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The Cyclopedia of New Zealand [Auckland Provincial District]

District Reserve Corps

District Reserve Corps.

District Reserve Corps. The District Reserve Corps is composed of officers who have served a period of seven years in the Volunteers, and non-commissioned officers and men who have served as efficient volunteers for at least four years. Officers passing to the Reserve retain their rank, and are liable to be called on for active service in case of emergency, for seven years from the date of their joining. At the conclusion of that period the officers cease to be in the service, but are permitted to retain their rank and wear their uniform. Non-commissioned officers and men are permitted to remain for five years on the Reserve. The Reserve Corps is under the immediate control of the District Commanding Officer, by whom they are annually inspected. No capitation is granted by the Government, but those men who put in a quarterly drill receive twenty rounds of ammunition per drill.

Lieut.-Commander Cornelius Little, attached to the Active Reserve List, was born at Otahuhu, Auckland, in 1852. His father, who was an old settler, died at the advanced age of eighty-four. Lieut. Little has taken the keenest interest in volunteering since 1875, when he joined the late Hobson Rifles as a private. He gradually rose through every grade to the position of Senior Lieut.-Captain, and obtained a P.S. Certificate from the Council of Military Education at Wellington, which conferred the rank on the 10th of January, 1887. In consequence of the depression existing in Auckland, the Hobson Rifles disbanded in 1889, when the members presented their commander with a very handsome gold ring as a memento of their appreciation of his services and his merit as an officer. In 1890, Mr Little was elected Lieutenant of the Auckland Naval Artillery, and on the retirement of Lieutenant-Commander Parker, he was chosen to succeed that officer, the date of his commission being the 24th of April, 1893. Owing, however, to pressure of his private business, he was compelled to resign, and was placed on the Active Reserve List on the 12th of August, 1897, still retaining his former rank. The members of the Auckland Naval Artillery Volunteers showed their appreciation of his services by presenting him with a very handsome marble clock suitably inscribed. Captain Little has shown great skill as a local and interprovincial marksman, and holds the No. 2 Battalion's Gold Medal, presented by the late Major E. Isaacs in 1888. He was second for the belt and won the silver star and badge at the New Zealand Rifle Association Championship Meeting at Christchurch, when Captain White won the belt. During the same year he also won the Union Steamship Company's prize, and has numerous other trophies.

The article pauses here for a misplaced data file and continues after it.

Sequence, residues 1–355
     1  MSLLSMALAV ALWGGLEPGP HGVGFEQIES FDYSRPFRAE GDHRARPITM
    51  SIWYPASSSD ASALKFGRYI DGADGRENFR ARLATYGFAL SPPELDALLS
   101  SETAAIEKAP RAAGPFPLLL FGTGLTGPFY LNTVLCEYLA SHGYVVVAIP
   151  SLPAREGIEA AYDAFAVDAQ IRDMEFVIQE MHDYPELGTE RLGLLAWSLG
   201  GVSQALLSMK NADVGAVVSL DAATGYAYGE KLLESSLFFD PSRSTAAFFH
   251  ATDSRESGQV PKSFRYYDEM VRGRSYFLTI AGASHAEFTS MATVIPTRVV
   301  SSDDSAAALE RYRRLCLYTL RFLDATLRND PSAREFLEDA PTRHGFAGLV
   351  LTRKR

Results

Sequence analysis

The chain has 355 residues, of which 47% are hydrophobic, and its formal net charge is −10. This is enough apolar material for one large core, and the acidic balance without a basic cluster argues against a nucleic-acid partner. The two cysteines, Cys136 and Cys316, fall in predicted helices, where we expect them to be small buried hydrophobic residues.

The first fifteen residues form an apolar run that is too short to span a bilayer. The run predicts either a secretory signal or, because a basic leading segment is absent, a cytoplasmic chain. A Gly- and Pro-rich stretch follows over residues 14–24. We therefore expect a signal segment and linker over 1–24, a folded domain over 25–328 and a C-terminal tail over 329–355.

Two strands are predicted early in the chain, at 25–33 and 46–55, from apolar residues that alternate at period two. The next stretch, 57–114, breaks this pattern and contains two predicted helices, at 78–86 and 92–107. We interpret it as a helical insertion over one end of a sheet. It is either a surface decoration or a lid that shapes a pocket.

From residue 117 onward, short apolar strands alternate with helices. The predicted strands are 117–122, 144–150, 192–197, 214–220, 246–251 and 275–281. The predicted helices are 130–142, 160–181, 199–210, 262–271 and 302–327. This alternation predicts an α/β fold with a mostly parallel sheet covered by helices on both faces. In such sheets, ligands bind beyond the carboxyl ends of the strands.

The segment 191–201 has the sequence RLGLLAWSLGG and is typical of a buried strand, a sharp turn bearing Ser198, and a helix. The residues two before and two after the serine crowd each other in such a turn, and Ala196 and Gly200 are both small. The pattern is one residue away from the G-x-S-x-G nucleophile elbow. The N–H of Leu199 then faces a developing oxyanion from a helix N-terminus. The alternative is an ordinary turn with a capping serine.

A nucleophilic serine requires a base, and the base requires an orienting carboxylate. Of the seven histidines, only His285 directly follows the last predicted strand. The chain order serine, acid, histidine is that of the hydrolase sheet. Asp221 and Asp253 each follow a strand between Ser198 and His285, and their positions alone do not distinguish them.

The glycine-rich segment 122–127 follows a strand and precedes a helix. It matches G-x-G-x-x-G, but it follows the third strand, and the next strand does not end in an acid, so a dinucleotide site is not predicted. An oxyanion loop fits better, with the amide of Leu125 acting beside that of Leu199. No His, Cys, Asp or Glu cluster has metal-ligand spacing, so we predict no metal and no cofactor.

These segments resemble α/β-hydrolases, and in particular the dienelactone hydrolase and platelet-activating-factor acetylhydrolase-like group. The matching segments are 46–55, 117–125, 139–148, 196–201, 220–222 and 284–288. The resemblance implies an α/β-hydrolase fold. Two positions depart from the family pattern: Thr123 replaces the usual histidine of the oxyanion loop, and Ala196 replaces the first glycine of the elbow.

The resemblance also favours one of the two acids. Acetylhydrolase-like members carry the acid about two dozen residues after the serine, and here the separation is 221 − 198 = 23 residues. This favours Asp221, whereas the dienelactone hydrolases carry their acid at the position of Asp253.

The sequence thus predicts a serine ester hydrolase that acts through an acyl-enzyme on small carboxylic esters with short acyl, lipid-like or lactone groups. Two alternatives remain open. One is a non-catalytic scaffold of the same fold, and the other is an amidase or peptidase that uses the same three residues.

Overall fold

Captain Little was also connected with the Auckland Fire Brigade for eighteen years, and on his retirement, was presented with a life honorary member's certificate, and also a photographic shield of the brigade.

Hanna, photo.Lieut.-Com. C. Little.

Hanna, photo.
Lieut.-Com. C. Little.

Lieutenant George John Watson, District Reserve Corps, joined the Volunteer service in 1883, when he entered the A Battery of Field Artillery at Auckland. After two years he was transferred to the City Guards, and some three years later to the Ponsonby Naval Artillery as gunner. He obtained a commission in the company in 1892, and in April, 1900, was transferred to the District Reserve Corps. Lieutenant Watson was one of the detachment sent to Opotiki during the “Te Kooti seare” of 1888. He has always taken great interest in shooting, and also in rowing and football, having been a member of various clubs in the city. Mr. Watson is a native of Edinburgh, where he was born in 1867, and came out to the Colony in 1880.

Lieut. G. J. Watson.

Lieut. G. J. Watson.